*Supermodel Naomi Campbell says she stands by her testimony at the war crimes trial of former Liberian President Charles Taylor, even though it’s been directly contradicted by two different witnesses.
Campbell testified last week at the Special Court for Sierra Leone at The Hague, Netherlands, regarding a pouch of diamonds she received in 1997. Prosecutors, who are trying to prove that Taylor used “blood diamonds” to fund a brutal civil war in Sierra Leone, allege the diamonds came from Taylor.
“I’ve no motive here. Nothing to gain,” Campbell said in a statement Wednesday. “I am a black woman who has and will always support good causes, especially relating to Africa.”
“These events took place 13 years ago, many years before Taylor’s alleged wrongdoings were known,” she added.
Campbell said she didn’t really know who Taylor was at the time she received the diamonds, since he had been elected shortly before. But on the witness stand, Campbell’s former manager Carole White and actress Mia Farrow both disputed her account.
White told the court that when Campbell met with Jeremy Ratcliffe, a trustee of the Nelson Mandela Children’s Fund, to hand over the diamonds, she told him she had received them from Taylor.
Farrow also testified that Campbell was aware of their source. She testified Monday that Campbell told the story at breakfast the next morning.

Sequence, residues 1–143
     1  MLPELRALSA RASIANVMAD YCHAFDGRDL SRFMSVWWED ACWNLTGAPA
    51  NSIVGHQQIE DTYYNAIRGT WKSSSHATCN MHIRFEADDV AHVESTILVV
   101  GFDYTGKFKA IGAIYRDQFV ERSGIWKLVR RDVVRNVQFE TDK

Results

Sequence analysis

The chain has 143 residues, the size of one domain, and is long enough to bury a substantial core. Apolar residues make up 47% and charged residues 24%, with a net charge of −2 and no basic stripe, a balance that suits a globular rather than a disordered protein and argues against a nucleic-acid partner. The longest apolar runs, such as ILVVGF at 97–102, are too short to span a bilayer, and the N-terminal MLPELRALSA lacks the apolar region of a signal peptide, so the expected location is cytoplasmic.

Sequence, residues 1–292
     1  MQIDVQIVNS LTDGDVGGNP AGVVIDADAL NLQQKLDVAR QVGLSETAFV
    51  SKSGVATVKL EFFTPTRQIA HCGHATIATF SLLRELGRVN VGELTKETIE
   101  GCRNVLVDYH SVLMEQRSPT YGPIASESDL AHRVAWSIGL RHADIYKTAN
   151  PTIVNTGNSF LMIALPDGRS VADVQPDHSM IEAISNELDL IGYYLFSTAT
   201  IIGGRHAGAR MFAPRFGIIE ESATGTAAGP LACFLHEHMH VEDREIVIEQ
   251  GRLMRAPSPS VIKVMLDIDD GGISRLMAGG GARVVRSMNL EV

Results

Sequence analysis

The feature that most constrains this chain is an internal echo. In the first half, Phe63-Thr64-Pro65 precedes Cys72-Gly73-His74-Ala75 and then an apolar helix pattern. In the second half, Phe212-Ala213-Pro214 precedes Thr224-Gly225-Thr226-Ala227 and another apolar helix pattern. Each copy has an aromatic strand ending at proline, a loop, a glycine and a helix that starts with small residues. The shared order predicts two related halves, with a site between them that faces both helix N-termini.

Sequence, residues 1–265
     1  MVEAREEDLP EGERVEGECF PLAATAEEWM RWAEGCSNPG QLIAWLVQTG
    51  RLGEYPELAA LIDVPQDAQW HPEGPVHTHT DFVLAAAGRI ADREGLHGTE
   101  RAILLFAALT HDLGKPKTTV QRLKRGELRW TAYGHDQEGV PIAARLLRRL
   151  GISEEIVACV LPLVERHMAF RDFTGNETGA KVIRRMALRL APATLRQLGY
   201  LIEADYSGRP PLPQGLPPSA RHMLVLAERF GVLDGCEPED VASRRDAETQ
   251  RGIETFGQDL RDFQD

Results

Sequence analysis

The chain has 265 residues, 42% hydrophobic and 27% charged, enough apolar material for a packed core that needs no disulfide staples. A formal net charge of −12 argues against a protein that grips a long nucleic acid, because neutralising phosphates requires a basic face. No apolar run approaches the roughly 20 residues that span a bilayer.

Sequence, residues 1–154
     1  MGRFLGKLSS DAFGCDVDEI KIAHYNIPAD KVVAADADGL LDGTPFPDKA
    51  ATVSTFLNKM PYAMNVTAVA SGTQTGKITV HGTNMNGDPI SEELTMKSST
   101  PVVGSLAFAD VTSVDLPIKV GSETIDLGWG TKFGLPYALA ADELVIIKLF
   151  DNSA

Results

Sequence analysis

“She said that in the night she had been awakened,” Farrow testified. “Some men were knocking at the door and they had been sent by Charles Taylor and they were giving her — they had given her a huge diamond. And she said that she intended to give the diamond to Nelson Mandela’s children’s charities.”
Taylor, 62, was president of Liberia from 1997 to 2003. The war crimes charges against him stem from the widespread murder, rape and mutilation that occurred during the civil war in Sierra Leone, fought largely by teenagers who were forced to kill, given addictive drugs to provoke violent behavior and were often instructed to rape and plunder.
Taylor is charged with five counts of crimes against humanity, including murder, enslavement and sexual slavery and violence. He also faces five counts of war crimes, including acts of terrorism and torture, and one count of other serious violations of international humanitarian law. He has pleaded not guilty.